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Friedreich's Ataxia Symptoms & Diagnosis


Symptoms may vary. The following list describes the most common symptoms:

Early Symptoms

  • Age of onset: under the age of 25, usually in the early teenage years
  • Progressive leg weakness (eg, difficulty walking)
  • Ataxia—incoordination and imbalance affecting limbs and gait
  • Impaired sensation—especially "position sense" in the feet
  • Loss of tendon reflexes in the legs
  • Heart failure and diabetes develop as the disease progresses

Late Symptoms

  • Difficulty speaking and swallowing—decreased coordination of the tongue
  • Loss of tendon reflexes in all limbs
  • Atrophy of muscles
  • Scoliosis —curving of spine (affects 85% of people with this condition)
  • Foot deformities
  • Foot ulcers
  • Confined to a wheelchair (by age 45, occurs in 95% of those affected)
  • Hearing loss and or vision loss (over 10% of those affected)
  • Eye movement abnormalities
  • Movement disorders (eg, tremor, dystonia, chorea)


Your doctor will ask about your symptoms, including medical history, family history, and medications. Your doctor will also perform a physical exam. If this disorder is suspected, you may also see a neurologist, a doctor who specializes in the nervous system.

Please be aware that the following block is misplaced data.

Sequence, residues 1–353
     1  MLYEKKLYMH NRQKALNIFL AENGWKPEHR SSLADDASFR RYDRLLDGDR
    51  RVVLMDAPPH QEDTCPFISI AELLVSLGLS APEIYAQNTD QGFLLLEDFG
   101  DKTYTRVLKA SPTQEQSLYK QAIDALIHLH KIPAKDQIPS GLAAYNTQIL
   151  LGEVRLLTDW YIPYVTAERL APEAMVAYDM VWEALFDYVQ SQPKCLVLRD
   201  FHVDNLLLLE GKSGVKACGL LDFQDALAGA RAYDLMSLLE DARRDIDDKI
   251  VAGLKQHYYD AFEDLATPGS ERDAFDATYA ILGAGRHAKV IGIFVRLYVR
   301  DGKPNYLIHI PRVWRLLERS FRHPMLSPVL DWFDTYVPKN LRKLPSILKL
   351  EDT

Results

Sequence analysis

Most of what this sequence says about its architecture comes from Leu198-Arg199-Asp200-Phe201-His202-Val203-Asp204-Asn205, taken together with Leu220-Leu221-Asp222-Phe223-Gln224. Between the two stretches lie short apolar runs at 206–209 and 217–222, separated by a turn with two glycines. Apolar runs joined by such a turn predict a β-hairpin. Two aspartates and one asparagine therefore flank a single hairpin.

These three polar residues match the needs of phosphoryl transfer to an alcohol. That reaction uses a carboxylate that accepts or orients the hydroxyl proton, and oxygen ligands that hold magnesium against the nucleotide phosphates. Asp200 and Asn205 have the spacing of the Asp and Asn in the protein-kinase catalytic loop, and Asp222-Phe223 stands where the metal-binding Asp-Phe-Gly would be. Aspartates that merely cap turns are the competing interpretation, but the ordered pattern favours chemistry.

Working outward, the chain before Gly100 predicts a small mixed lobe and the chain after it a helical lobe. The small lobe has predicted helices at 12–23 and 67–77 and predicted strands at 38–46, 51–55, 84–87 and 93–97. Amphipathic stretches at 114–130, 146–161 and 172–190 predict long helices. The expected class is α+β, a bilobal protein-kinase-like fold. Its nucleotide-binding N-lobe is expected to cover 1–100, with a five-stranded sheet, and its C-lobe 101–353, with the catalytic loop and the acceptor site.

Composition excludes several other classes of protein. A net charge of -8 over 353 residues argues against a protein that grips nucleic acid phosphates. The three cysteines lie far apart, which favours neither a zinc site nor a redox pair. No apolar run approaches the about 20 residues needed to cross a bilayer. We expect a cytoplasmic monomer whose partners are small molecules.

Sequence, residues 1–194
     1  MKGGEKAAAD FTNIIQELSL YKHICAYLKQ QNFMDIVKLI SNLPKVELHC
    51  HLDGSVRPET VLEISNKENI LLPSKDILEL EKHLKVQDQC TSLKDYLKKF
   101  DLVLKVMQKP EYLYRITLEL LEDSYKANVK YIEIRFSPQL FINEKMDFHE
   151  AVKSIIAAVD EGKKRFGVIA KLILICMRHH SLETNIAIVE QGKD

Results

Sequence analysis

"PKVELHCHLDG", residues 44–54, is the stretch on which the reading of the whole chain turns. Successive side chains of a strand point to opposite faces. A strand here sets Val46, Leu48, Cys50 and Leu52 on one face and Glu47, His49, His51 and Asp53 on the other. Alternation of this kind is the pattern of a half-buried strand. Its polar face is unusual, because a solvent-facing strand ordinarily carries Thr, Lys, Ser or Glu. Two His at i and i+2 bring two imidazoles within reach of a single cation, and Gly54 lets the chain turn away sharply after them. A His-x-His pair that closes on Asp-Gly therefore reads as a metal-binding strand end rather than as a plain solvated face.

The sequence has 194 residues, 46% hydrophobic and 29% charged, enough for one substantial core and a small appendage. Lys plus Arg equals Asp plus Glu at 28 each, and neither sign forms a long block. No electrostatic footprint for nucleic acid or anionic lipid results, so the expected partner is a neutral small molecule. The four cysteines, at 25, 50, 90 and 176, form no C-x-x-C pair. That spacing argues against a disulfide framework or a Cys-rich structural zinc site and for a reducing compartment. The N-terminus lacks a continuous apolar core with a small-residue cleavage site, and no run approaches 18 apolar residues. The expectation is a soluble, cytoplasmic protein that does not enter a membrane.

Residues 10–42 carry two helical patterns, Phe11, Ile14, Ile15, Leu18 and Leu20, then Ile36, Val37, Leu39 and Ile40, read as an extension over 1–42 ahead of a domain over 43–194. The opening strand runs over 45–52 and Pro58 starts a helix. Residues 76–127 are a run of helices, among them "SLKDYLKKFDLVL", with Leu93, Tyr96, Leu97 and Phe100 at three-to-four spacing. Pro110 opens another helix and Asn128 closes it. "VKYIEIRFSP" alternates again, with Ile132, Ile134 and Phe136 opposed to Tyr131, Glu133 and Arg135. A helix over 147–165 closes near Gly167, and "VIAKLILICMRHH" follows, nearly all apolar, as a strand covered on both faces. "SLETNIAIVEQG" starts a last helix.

Tests may include:

  • EMG and nerve conduction studies —a test to assess the function of the muscles and nerves
  • Computerized tomography —a test that uses a computer to make cross-sectional images of the head
  • MRI scan —a test that uses magnetic waves to make pictures of structures inside the brain and spinal cord
  • Electrocardiogram and 24-hour holter monitoring —a test that assesses the electrical activity of the heart
  • Echocardiogram —a test that uses high-frequency sound waves (ultrasound) to examine the size, shape, and motion of the heart
  • Genetic testing for the frataxin gene
  • Blood (diabetic testing) and urine tests
  • Sural nerve biopsy

Please be aware that this information is provided to supplement the care provided by your physician. It is neither intended nor implied to be a substitute for professional medical advice. CALL YOUR HEALTHCARE PROVIDER IMMEDIATELY IF YOU THINK YOU MAY HAVE A MEDICAL EMERGENCY. Always seek the advice of your physician or other qualified health provider prior to starting any new treatment or with any questions you may have regarding a medical condition. Copyright © 2020 EBSCO Publishing All rights reserved.

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